Mum looks very well, her skin unblemished, unwrinkled for 82 years is not bad at all.  The odd grey hair bursting through the dyed black hair reminds you of her age.  Mum never liked the fact that she was growing old.  She would always ask me to pluck out the grey hairs when they made their first appearance.  It felt like effort trying to pluck the slippery grey hairs from her scalp.  Mum made sure I caught all of them before I could leave her presence.  She would keep on checking her head at all angles in the mirror.  Only problem was the more you plucked them the more they seemed to appear!  In the end I had to keep her happy by dying it black which lasted a long time.

Mum was always chatting, laughing, bubbly and very popular at work and in church.  Now, she rarely speaks, only talks when prompted with a few words or grunts.

Mum where have you gone, where are you hiding, what has happened? Are you scared? Are you worried? Are you ok?  

I could hear the grand kids asking, as they play around her.  Every now and then they ask Grandma “are you ok?”

What do I tell the grand kids?

She smiles back at them with that Grandma smile, then closes her eyes to catch a moments sleep.  The grand kids vary in age.  The oldest one remembers grandma’s booming African voice and laughter.  Always shouting and being heard above all voices, cracking jokes as she dominated her space.  The middle children remember her visiting them and going out to various functions where grandma was always in attendance too.  The youngest child only sees grandma at home either in her chair or in her bed.

I now realise there is so much I can tell the grand kids. Grandma has the greatest memory since she has lived long. It’s all locked into her mind and comes out every now and then when she wants to let it out.


Wandsworth Carers Series 2023: Extract by Nicola

This piece is part of our 2023 Community Flash Series showcasing new writing by the Wandsworth Carers Centre Writers Group, in observance of Carers Rights Day 2023. You can read more about the background to this project in our introduction to this series, find out more about Wandsworth Carers Centre on their website, and find them on Twitter @CarerWandeworth.


by Nicola

Days had melted into weeks and Fae had gotten considerably better with the handle of her powers. The anxiety she experienced still crept in from the shadows from time to time but the whispers of doubts were slowly getting quieter. Combat training had been somewhat smooth for her even with a few hiccups Fae was able to pick herself up and try again. Step by step, things began to look up and Fae took it in her stride. Through those same weeks, Fae was comforted with words of courage from Lura when they would meet. It had a profound affect that lingered within her, as if it had caused an internal shift. Fae hoped that whatever was to come would not turn out bad like it had done the last time.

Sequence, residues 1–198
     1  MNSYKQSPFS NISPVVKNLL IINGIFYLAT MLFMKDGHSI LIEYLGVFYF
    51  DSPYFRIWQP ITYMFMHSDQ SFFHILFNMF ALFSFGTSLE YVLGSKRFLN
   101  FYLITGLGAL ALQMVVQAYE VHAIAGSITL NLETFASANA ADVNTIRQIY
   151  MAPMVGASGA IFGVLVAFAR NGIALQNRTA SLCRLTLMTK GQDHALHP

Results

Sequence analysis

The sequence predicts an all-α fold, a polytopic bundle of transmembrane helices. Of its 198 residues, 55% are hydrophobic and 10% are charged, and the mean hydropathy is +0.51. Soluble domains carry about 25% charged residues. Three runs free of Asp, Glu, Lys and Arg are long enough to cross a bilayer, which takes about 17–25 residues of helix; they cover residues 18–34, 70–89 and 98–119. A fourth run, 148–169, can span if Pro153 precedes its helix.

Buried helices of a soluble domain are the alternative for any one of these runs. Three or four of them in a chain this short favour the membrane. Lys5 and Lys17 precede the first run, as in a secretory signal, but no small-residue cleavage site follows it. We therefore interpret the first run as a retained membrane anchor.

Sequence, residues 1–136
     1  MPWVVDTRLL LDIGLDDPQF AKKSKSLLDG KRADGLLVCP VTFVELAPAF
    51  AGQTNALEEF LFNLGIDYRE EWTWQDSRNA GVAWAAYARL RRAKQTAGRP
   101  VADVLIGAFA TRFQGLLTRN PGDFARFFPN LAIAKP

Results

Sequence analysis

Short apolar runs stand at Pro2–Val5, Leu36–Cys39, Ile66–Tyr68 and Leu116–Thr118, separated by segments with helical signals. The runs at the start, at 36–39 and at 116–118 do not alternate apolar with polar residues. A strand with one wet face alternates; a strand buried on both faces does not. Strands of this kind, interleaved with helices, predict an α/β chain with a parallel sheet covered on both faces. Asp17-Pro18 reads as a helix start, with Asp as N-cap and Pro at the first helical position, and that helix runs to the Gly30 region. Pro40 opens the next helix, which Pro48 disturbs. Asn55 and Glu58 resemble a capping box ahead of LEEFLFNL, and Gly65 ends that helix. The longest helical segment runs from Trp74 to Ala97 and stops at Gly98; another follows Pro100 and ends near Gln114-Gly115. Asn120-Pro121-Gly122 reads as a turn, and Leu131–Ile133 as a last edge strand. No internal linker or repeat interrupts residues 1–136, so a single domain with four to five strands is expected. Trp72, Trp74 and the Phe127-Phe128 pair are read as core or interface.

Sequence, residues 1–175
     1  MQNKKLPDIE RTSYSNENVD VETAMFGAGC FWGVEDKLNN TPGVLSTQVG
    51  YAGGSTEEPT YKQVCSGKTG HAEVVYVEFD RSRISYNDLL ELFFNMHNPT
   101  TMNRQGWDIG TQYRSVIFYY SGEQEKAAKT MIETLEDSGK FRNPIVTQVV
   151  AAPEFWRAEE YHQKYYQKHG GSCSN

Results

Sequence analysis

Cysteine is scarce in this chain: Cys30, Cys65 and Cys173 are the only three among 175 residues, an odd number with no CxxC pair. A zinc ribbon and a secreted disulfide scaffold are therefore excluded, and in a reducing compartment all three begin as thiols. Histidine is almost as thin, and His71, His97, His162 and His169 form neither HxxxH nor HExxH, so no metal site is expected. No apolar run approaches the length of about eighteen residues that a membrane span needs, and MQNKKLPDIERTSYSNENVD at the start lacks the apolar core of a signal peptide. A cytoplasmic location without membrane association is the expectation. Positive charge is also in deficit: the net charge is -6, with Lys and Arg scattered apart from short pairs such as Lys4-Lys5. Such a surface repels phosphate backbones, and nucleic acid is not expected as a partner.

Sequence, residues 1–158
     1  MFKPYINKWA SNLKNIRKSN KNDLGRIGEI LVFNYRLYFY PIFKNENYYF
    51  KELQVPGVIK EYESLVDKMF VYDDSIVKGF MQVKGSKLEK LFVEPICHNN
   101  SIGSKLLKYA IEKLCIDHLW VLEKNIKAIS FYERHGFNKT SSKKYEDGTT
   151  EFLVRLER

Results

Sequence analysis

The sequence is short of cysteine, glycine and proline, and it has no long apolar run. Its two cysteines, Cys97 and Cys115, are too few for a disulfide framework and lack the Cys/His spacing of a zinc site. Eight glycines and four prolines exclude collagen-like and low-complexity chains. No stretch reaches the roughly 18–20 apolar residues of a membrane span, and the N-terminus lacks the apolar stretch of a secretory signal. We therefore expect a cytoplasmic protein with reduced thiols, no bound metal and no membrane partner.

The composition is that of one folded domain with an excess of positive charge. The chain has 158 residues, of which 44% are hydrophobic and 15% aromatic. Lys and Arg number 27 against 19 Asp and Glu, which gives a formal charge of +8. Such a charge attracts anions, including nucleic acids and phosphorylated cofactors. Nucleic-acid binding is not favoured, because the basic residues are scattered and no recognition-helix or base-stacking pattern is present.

There had been a downpour that night as the girls and their parents took refuge in the nearby woodlands. The earthy smell swayed through the trees as the wind blew the fallen leaves from where they had rested. Small puddles of mud were trodden through as the group made their way past, and the animals of the woods scurried through the trees, jumping from branch to branch causing a ruckus for all to hear. The forest looked refreshed after the rainstorm and all the group could hear were the sounds of the forest.

“We should probably try and set up camp here and rest for a while. Who knows when we’ll next get a break?” Suggested Anthony. The batch started to relax and unload, letting out a chorus of sighs. They had been on constant alert ever since the loss of Althea’s mother, the brutal attack that left her half an orphan and everyone was on edge. Althea’s heart was breaking, and she did not have the time to mourn properly. Hearing something in the distance, Richard absorbed his surroundings and heard roars coming towards them from a distance.

“Dad, what’s going on?” Questioned Althea. She clung to her father in hopes of relief but to no availas her heart continued to race.

“I think I can hear the Algonites. They’re marching towards us, we need to leave, now!” The crew hastily got their baggage together making sure not to leave anything behind, as any trace would give them away. Out of nowhere an explosion erupted a few feet from them, following with a collection of screams.

“We’re too late.” Said Hannah nervously. In the distance a sapphire sea of foul-smelling creatures paced evenly towards them.

“Stop where you are! You are outnumbered and outmatched.” Growled an invader. It scanned the group from left to right as it took a few steps closer to take in their appearances.

“He’s looking for the Elementals.” Whispered Jade to Richard. With his enhanced hearing, he was sure to have heard her message.

“On your knees you insignificant creatures, you are in the presence of the Dark Fleet, you are now our prisoners.” The group started to bend their knees into submission, but Fae took a step forward in defiance and squinted.